EV Pickup towing

Discussion in 'General' started by Brandon Brown, Oct 16, 2022.

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  1. Brandon Brown

    Brandon Brown New Member

    Hi Everone,

    I'm possibly in the market for a new pickup and I like the idea of an EV truck. I tow regularly and know that the EVs have plenty of power and torque when it comes to towing. My concern is I live in a very mountainous area and my concern is coming down the mountains. In my current truck, I can use the transmission to gear the truck down so I do not have to use my brakes and overheat them by the time I am down the mountains. Does anyone have any experience with EVs towing boats or RVs down two-lane twisty mountain roads? I spoke with someone at Rivian they had no answer other than the truck had trailer brake control. I have not been able to find any info on this and I cannot be the only person with this concern.
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  3. Puppethead

    Puppethead Well-Known Member

    For an EV you don't "gear down", but you do have regenerative braking which is similar in effect, since the regenerative braking uses resistance to slow the vehicle and send the energy back into the batteries.
  4. Brandon Brown

    Brandon Brown New Member

    With Regenerative breaking is that motor braking or is that using the brakes?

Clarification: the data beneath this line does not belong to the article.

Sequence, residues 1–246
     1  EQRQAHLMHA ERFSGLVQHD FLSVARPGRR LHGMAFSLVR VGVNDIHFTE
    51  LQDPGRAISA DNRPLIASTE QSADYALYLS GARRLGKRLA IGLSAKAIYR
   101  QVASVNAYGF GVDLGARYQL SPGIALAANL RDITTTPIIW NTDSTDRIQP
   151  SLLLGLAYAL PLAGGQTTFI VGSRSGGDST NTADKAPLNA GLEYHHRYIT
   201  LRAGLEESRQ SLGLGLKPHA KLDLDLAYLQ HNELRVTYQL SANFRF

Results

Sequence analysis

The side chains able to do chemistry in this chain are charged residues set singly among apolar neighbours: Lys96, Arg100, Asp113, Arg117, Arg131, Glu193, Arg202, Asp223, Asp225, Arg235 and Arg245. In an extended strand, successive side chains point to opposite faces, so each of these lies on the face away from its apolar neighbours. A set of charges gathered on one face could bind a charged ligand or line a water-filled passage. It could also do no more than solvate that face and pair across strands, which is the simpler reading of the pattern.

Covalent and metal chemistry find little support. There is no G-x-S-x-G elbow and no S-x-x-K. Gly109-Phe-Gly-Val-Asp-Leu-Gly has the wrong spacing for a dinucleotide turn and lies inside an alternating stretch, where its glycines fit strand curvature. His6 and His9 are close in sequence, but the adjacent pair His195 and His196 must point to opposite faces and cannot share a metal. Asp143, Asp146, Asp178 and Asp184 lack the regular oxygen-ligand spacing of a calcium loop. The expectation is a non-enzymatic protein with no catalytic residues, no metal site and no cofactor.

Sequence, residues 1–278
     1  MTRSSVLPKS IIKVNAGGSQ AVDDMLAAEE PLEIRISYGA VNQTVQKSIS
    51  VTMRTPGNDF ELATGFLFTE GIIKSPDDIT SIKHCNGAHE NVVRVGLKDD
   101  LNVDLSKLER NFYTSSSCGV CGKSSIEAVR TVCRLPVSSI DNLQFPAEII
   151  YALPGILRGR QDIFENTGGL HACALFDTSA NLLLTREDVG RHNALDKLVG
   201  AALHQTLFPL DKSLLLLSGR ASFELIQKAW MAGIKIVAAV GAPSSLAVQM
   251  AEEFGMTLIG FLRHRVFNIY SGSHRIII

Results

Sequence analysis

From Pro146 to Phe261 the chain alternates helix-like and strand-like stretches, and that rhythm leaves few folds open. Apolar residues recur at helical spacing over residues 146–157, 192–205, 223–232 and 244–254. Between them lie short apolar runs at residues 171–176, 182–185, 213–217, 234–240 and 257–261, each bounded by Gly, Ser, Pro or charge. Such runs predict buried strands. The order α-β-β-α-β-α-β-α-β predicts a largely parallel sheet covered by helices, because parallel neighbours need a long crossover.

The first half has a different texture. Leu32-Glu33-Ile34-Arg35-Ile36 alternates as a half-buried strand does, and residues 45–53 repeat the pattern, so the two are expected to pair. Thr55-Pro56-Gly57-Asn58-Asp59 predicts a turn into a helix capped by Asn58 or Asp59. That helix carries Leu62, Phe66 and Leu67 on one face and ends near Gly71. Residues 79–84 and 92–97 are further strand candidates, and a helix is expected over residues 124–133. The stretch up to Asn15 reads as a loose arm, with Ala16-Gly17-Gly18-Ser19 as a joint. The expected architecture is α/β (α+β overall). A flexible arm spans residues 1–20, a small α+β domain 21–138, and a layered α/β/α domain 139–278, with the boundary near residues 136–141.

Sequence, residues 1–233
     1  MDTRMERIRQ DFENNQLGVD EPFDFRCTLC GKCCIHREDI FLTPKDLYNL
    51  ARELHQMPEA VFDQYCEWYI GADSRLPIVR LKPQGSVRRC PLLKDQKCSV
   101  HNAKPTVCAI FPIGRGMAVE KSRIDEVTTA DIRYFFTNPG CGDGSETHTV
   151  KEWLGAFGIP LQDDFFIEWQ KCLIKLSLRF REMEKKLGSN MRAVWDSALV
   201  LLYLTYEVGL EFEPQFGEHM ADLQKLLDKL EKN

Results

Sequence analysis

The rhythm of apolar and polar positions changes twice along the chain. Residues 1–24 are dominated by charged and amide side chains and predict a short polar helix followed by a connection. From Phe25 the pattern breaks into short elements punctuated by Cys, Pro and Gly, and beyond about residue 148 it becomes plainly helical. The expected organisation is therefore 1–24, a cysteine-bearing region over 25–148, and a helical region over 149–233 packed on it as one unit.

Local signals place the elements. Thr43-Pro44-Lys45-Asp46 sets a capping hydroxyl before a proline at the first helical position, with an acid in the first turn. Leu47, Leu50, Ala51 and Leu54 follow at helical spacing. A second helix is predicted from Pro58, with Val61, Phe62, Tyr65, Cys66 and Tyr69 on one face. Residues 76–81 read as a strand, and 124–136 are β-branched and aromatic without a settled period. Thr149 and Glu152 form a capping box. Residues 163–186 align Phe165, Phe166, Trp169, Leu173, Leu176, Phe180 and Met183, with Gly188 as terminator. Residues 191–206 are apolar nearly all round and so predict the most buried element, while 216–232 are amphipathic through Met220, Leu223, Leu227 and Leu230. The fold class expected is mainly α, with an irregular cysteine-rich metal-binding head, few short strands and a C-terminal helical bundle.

electriceddy likes this.
  5. This should help explain:
    "Regenerative braking is a mechanism found on most hybrid and full-electric vehicles. It captures the kinetic energy from braking and converts it into the electrical power that charges the vehicle’s high voltage battery. Regenerative braking also slows the car down, which assists the use of traditional brakes.

    In a conventional braking system, a car slows down due to friction between the brake pads and rotors. But this system is highly inefficient when it comes to conserving energy. Nearly all of the kinetic energy propelling your car forward is lost as heat when you apply the brakes. That’s a lot of wasted energy!

    Regenerative braking solves this problem by recapturing upwards of 70% of the kinetic energy that would otherwise be lost during braking. The amount of energy recovered depends on your car model and driving behavior."
  6. Brandon Brown

    Brandon Brown New Member

    Ok, but that's still not enough to slow the vehicle and trailer down like you could with a transmission. Where I live you cannot solely rely on your brakes.
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  8. marshall

    marshall Well-Known Member

    I don't think I would say that.

    Did you watch the video put out by TFL?

    I would think it's just the opposite. Regenerative braking would be better then a transmission.

    I would be more concerned with going up as opposed to going down.

    Domenick likes this.
  9. bwilson4web

    bwilson4web Well-Known Member Subscriber

    I recommend the YouTube channel:


    Reciently they did an F150 lightning vs electric Hummer tow test up to the Eisenhower tunnel in Colorado.